So when I make eggs, and I eat quite a lot during the week, I generally lightly fry them so the yolks are mostly raw, and just warmed, and the whites are soft but cooked, however, I throw out most of the white. I'd rather get my protein from meat.

It's perfectly fine to eat whole eggs, but if you do, you won't benefit as much from the vitamins in the yolks as they'll be used to counter the protein in the whites. So eating less of the whites, is better.

7fc82eebafd44badc73c520f44660150

(3275)

on December 28, 2012
at 05:22 PM

So is it the presence of the whites or the cooking of the yokes that diminish the benefits of the yokes?

96440612cf0fcf366bf5ad8f776fca84

(19463)

on December 29, 2012
at 12:24 PM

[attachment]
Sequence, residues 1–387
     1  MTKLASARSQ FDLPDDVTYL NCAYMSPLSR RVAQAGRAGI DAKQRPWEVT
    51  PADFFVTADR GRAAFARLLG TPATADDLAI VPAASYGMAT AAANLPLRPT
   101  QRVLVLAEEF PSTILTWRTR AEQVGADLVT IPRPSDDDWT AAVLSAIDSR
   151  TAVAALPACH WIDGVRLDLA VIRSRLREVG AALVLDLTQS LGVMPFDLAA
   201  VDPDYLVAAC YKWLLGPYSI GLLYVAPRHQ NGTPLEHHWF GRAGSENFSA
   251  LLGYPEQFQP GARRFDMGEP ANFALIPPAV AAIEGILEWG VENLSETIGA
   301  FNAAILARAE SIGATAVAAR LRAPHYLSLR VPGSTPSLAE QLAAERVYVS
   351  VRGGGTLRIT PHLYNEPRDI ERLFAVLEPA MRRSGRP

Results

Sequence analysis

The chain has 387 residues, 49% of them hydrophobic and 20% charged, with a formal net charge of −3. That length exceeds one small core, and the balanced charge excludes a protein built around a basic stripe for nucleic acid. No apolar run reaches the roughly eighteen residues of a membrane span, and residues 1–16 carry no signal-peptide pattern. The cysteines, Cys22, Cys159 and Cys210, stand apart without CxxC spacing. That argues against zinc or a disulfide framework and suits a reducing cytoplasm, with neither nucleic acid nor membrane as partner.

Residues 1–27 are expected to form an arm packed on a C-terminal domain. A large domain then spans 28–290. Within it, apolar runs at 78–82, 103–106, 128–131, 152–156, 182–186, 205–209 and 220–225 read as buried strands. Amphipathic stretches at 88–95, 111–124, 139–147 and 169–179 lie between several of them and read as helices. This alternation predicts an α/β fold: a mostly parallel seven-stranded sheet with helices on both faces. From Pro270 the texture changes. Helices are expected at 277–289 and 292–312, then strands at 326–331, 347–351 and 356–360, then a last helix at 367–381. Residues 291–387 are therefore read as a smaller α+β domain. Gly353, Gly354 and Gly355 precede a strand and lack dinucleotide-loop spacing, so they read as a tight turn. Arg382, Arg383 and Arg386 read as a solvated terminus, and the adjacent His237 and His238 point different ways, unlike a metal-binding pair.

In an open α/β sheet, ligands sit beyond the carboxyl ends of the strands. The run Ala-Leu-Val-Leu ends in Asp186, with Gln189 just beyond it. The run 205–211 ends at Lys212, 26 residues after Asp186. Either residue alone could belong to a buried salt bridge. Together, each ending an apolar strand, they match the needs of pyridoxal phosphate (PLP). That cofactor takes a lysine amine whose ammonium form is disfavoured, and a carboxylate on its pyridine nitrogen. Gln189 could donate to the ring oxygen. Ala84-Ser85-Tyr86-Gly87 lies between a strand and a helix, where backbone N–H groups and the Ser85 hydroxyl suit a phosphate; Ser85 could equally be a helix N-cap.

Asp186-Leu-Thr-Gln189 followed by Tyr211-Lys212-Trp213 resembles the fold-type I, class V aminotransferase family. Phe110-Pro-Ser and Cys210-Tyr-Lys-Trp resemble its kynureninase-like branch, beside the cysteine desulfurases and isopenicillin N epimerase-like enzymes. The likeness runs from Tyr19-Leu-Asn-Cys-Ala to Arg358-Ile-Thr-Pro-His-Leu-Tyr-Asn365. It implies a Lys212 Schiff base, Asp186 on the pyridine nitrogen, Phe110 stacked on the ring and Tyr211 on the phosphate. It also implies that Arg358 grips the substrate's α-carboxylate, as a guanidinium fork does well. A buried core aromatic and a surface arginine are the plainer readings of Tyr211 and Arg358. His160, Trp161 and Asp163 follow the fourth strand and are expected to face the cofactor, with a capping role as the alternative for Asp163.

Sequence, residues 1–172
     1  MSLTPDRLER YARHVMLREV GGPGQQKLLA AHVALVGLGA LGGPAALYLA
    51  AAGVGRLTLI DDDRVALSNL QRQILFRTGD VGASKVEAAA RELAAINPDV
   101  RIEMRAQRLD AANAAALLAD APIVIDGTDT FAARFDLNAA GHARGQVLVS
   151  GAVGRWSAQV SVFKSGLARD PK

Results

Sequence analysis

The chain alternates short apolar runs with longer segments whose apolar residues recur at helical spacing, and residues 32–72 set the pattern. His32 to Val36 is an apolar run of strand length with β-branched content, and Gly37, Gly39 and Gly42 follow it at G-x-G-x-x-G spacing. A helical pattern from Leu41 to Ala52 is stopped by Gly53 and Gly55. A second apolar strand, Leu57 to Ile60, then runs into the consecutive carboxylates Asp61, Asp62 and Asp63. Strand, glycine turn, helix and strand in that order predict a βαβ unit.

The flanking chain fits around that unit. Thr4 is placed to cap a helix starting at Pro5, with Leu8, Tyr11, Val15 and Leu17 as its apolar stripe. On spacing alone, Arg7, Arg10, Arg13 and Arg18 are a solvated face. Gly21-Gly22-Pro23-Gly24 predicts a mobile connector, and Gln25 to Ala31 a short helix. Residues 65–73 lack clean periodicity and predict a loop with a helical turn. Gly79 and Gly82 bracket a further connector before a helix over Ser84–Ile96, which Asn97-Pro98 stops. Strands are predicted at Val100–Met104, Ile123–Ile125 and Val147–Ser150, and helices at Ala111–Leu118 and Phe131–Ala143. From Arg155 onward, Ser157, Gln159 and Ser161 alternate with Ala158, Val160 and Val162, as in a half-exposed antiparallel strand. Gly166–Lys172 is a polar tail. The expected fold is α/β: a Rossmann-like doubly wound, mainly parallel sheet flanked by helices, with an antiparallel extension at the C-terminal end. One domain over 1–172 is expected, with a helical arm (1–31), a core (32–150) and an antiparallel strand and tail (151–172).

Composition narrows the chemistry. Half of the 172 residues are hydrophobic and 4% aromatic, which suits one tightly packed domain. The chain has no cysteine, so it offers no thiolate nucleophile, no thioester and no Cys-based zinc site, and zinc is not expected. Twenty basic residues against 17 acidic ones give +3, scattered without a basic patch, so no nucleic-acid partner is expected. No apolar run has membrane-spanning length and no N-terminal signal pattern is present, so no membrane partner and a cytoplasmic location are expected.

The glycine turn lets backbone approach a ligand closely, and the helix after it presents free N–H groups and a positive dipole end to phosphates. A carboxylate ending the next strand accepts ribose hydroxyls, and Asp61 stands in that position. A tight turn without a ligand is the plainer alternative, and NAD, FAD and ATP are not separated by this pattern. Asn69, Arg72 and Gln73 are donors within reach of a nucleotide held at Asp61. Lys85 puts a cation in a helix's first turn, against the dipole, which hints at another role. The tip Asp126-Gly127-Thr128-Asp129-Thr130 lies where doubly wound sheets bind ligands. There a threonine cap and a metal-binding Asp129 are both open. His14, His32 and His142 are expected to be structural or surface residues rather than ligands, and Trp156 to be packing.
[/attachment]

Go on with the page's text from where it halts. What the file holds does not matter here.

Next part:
@CaveMan Mike: both: you need the nutrients in the yolk to offset the methionine in the whites, and if you cook the yolks, you oxidize them, they are less nutritious.

96440612cf0fcf366bf5ad8f776fca84

(19463)

on December 29, 2012
at 12:26 PM

I agree that if you eat the whole egg, methionine is not a problem, however, remember that in the Standard American Diet, the conventional wisdom of what is supposed to be healthy is that you throw out the yolks due to fear of cholesterol, and eat the whites instead, which is obviously not a good idea.

96440612cf0fcf366bf5ad8f776fca84

(19463)

on December 29, 2012
at 12:29 PM

@Matt, you still need the B vitamins to offset the methionine disposal, so if you avoid the yolks, you're in more trouble than not. I'm not sure whether that means CVD or not, but that's what those links claim. Certainly for those with homocystinuria, it applies. For those who don't have that genetic defect, it probably just depletes your B vitamins if you eat just whites.

32f5749fa6cf7adbeb0b0b031ba82b46

(41747)

on December 29, 2012
at 12:57 AM